Fikile Mbalula is counting on branch-level support to restore his fortunes among those opposed to the re-election of Jacob Zuma as ANC president.
The sports minister and ANC head of campaigns had been the undisputed candidate for the powerful job of secretary general among those seeking to replace Zuma with Kgalema Motlanthe. He hopes to take over the running of the party from Gwede Mantashe, who is seen as a key Zuma supporter.
In recent months, however, some of Mbalula's backers privately worried that his campaign would be compromised by the expulsion of his close ally and friend, Julius Malema, from the ANC and its youth wing. His name was then omitted from the leadership nomination lists of ANC provincial executive committees whose other choices reflected a clear anti-Zuma position, including Gauteng, the Northern Cape and North West.
It now appears, however, that his ground campaign may be working. Preliminary nomination figures from the nine ANC provinces confirmed to the Mail & Guardian by both pro- and anti-Zuma sources suggest that Mbalula still enjoys support among the branches that want change.
With counting still incomplete, he has been nominated by 360 branches in the Eastern Cape, 210 in Gauteng, 114 in the Western Cape, 295 in Limpopo, 47 in the Northern Cape, 72 in Free State, 91 in Mpumalanga and 88 out of 124 in North West.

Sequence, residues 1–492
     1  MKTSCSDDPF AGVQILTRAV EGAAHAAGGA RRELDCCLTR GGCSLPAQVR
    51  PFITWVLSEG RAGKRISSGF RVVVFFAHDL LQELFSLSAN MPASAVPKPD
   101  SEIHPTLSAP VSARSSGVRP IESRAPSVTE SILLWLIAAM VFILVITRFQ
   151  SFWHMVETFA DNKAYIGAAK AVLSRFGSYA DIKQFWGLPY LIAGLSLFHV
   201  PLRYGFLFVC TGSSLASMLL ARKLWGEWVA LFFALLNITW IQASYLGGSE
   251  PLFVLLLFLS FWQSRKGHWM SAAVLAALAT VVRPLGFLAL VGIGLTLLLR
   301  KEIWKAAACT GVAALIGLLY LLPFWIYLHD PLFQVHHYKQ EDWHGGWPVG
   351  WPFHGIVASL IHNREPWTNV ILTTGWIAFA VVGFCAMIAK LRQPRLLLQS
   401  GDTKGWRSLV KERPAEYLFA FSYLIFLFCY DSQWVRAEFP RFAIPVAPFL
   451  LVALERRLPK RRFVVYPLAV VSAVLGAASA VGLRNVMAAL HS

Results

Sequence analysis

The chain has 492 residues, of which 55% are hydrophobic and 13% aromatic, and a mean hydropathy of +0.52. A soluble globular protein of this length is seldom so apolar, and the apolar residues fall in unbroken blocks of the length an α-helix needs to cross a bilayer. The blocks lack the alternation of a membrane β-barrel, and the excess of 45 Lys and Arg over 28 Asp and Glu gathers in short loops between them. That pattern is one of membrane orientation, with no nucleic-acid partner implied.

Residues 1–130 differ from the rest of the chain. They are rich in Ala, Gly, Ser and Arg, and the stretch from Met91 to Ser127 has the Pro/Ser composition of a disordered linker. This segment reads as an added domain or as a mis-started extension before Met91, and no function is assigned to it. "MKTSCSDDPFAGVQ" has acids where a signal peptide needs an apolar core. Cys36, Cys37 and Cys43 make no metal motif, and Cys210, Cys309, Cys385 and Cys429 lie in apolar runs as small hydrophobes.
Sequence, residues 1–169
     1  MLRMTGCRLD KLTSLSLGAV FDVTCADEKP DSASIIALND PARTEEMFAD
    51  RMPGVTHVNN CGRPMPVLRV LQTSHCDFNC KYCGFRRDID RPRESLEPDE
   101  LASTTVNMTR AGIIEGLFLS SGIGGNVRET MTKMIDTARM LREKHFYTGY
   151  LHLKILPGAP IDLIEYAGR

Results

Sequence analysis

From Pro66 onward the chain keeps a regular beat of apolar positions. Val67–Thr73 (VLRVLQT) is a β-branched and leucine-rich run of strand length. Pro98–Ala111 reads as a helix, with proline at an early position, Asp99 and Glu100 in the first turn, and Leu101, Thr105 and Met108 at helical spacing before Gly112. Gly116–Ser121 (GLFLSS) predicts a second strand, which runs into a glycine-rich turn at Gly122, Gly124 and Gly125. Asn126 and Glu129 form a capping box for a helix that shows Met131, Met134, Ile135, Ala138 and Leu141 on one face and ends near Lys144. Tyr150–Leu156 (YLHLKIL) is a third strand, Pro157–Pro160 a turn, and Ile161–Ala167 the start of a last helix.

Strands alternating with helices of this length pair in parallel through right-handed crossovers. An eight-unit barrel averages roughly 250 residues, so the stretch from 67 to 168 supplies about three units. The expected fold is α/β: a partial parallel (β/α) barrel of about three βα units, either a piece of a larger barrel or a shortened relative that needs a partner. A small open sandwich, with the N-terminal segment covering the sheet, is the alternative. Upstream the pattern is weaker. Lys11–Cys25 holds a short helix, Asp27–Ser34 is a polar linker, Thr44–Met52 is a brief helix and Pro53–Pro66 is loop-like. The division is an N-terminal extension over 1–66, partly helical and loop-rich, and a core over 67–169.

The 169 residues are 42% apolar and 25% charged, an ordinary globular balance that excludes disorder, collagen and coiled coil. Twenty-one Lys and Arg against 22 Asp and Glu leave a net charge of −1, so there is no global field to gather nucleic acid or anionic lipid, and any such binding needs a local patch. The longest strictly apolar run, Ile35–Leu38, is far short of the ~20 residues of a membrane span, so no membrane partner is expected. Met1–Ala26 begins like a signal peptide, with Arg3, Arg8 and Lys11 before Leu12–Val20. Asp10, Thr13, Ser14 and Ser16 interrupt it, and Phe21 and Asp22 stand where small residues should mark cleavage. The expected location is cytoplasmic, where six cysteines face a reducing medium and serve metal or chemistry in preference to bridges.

Agitating for a different tempo
Preliminary figures indicate a Motlanthe-Mbalula ticket enjoys majority support in six provinces: Limpopo, North West, the Eastern Cape, Northern Cape, Western Cape and Gauteng. They also expect support from the ANC Youth League and the veterans' league. KwaZulu-Natal, the Free State and Mpumalanga are dominated by support for the Zuma-Mantashe ticket.
Substantial minorities for the Zuma ticket in pro-change provinces, however, are now widely seen as giving him the edge.
One name that has been suggested as an alternative to Mbalula for the position of secretary general is that of ANC national executive committee member Joel Netshitenzhe, who is supported by the ANC's provincial executive committee and some branches in Gauteng, but sources close to him said he was unlikely to accept a nomination.
Western Cape ANC provincial secretary Songezo Mjongile, who worked under Mbalula in the youth league, insisted that the sports minister had support from ANC branches across all provinces.
"ANC members – even those who don't agree with us – acknowledge we are in a terrible situation," said Mjongile. "Mbalula is part of a collective agitating for a different tempo."
Zuma's provincial opponents, however, continue to complain of interference in the nominations process.
The Constitutional Court, meanwhile, has agreed to hear the merits of an application to set aside the election of the Free State provincial executive committee. It was brought by six ANC members opposed to premier Ace Magashule, a key Zuma ally. The matter will be heard on November 29.
The case is likely to have far-reaching implications for the ANC's national conference in Mangaung next month. If the court declares the provincial conference null and void, it might force Luthuli House to postpone the conference to next year sometime.